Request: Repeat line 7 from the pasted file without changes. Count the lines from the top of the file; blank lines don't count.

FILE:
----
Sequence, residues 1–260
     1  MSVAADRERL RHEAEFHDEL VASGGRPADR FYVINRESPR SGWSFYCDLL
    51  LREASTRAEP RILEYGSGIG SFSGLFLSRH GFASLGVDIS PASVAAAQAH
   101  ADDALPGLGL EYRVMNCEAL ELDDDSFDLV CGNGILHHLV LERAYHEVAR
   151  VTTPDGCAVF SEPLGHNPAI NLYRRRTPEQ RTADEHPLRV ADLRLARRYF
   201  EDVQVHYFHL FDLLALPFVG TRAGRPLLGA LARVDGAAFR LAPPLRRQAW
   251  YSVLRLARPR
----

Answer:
   251  YSVLRLARPR